Blankenese is a gorgeous district in Hamburg directly overlooking the Elbe river. I thought I “did” the Elbe for now after I walked around the Speicherstadt and Övelgönne, but you can’t ever really be done with one of the longest rivers in Europe, especially if you live in Hamburg, can you?
Blankenese is often described with the following adjectives, which I have been hearing since my student years: posh, chic, expensive, fancy, rich, affluent – you name it. I also used to think Blankenese was Övelgönne, shhhh. I’m not confused anymore. You can actually walk or cycle to Blankenese from where I stoppped during my walk in Övelgönne, just be prepared to cover quite a distance, though that’s also the cool thing about the Elbe beach that follows that whole walk – you can just keep going and going and going.
It’s easy to get to, taking the S-Bahn train being one example and then just getting out at Blankenese station. The trip wasn’t as long as I expected, in fact, I barely read two pages of the book I brought with me. The sun is shining (which always tends to get noticed with extra jubilation around here) and when I get out I’m reminded of my first impression from years ago – arriving here feels like you’re on vacation at some resort spot, provided it’s not winter. You can walk a little bit along what is essentially the high street here, stop by the weekly market, stop to get some lunch (from the supermarket salad bar for me, and then eat on a bench by the water later).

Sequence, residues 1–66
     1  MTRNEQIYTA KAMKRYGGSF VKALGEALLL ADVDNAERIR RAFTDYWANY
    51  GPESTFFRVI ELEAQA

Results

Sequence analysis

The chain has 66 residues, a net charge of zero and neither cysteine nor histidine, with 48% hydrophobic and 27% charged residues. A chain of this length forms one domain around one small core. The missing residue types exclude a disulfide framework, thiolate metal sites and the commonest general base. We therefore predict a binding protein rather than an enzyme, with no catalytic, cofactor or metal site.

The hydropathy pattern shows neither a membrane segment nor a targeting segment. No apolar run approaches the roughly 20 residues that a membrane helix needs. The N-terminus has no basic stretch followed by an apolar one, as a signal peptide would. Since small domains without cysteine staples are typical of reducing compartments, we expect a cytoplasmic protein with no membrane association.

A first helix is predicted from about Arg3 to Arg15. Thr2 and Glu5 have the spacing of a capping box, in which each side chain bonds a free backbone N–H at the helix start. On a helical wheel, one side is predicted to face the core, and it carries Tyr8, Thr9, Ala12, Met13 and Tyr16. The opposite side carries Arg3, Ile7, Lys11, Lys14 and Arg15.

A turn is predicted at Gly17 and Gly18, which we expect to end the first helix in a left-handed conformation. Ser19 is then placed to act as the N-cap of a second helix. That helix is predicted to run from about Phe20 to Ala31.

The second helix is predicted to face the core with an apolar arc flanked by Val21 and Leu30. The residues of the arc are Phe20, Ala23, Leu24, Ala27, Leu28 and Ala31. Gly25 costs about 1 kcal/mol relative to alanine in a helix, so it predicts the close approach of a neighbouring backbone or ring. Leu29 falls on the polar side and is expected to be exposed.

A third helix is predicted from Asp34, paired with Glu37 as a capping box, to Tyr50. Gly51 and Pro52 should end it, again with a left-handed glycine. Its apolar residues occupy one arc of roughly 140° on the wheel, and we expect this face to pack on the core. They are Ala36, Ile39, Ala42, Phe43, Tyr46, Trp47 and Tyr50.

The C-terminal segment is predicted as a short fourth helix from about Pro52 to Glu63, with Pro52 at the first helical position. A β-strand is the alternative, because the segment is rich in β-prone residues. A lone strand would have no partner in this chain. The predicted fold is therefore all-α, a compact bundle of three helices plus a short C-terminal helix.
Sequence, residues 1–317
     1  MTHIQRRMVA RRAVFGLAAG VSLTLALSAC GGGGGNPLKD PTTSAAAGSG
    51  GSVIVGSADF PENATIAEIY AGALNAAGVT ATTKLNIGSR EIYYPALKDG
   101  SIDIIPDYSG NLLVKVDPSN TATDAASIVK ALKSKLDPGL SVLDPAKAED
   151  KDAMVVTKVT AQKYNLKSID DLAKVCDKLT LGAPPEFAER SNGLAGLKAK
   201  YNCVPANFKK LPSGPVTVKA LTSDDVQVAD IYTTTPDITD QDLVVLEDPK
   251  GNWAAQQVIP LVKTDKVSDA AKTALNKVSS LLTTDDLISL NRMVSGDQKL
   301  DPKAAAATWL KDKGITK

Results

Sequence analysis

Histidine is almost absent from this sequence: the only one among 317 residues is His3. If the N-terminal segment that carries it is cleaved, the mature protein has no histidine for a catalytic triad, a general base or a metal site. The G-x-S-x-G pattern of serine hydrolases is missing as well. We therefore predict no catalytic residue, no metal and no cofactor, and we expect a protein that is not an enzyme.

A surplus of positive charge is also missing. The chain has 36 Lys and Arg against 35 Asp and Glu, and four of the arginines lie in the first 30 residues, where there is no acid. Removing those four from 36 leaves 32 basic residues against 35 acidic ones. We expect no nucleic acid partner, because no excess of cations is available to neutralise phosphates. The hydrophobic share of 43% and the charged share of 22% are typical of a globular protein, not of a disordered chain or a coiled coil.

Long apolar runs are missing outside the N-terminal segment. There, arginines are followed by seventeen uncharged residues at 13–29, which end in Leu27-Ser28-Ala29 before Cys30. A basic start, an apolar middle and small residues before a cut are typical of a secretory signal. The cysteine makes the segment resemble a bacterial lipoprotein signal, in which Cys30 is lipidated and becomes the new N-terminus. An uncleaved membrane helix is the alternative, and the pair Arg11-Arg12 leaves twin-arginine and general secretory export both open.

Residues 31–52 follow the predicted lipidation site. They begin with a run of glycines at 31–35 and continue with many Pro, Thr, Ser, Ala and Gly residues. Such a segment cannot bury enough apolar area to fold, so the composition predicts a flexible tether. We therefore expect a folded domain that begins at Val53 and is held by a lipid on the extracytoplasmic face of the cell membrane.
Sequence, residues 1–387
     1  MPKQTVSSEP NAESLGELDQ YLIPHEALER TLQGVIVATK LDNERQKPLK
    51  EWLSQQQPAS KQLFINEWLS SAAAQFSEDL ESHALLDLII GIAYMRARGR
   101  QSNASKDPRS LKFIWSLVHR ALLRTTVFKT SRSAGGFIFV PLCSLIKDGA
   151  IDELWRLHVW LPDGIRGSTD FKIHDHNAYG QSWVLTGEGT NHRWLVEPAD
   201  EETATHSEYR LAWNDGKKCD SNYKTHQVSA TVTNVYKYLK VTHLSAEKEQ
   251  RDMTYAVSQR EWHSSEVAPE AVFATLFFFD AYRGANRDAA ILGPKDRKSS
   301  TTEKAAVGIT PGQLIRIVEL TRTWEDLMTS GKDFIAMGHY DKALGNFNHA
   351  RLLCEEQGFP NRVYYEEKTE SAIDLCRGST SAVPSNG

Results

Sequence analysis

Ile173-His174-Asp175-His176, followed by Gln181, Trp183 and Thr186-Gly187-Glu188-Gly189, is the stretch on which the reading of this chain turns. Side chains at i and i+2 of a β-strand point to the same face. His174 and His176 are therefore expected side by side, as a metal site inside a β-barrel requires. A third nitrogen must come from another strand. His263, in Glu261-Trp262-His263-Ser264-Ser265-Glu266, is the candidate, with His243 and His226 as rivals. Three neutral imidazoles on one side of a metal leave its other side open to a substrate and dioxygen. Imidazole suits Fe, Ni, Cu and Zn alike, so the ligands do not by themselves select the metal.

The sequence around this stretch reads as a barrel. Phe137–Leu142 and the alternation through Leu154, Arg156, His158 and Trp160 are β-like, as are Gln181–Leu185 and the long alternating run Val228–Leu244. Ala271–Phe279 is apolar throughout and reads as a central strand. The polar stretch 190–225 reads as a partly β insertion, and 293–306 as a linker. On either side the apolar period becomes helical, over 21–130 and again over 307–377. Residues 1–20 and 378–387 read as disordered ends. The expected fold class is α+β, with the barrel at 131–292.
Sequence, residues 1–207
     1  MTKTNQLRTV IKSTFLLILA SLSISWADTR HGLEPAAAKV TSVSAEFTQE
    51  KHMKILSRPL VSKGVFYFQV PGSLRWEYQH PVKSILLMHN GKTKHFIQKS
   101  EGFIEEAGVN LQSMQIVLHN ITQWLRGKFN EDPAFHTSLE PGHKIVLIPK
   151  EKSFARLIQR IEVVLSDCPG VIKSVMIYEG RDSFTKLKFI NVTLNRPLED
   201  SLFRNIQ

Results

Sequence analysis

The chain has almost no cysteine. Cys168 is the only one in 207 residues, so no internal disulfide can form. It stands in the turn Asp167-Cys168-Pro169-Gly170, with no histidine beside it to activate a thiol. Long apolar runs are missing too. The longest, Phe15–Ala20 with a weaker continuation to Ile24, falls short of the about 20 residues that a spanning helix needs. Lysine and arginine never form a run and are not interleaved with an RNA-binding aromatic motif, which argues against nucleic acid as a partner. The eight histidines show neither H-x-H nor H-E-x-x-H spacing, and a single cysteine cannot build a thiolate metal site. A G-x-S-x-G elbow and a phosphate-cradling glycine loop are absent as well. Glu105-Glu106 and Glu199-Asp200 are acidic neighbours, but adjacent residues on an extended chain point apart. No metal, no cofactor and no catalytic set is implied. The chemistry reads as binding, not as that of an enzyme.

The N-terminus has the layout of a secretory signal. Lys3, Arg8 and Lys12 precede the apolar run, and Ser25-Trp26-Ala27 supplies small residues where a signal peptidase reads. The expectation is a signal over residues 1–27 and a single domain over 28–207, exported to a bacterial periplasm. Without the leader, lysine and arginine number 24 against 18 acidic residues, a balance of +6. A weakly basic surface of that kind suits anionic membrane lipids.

My actual goal is the so-called Treppenviertel, or staircase quarter, which is conveniently pointed out by signs and doesn’t take long to get to. Hamburg is widely referred to as a flat city and that fact is true, except for Blankenese where it gets quite hilly by local standards. On my left gradually descending rows of pretty villas and shrubbery are interspersed with stairs that all lead down to the sparkling silver of the Elbe. I pick the nicely level Strandtreppe (beach stairs).
Taking any close-ups of all the pretty facades around is actually tricky. You might glimpse a nice view from higher up or further away, but when you get nearer, you discover that what you wanted to photograph is actually skillfully hidden by bushes, walls or fences. Which I respect. Blankenese used to be a fishing village and then changed to a popular getaway later in the 19th century, attracting wealthy families who in time decided to live there. Many of these families had ties to Hamburg’s maritime history and trading industry.
Once you arrive downstairs, it’s off to the right, along the water, with typically northern German landscape understatement all around: modest at first, beautiful and memorable upon a closer look. I’d looked up lighthouses in the Hamburg region before this walk, and this is one of them. It’s going to be demolished next year as soon as new ones are built.
Meanwhile, you can’t go all the way up to the top, but there’s an observation deck which is still high enough for this classic view of the Blankenese shoreline.
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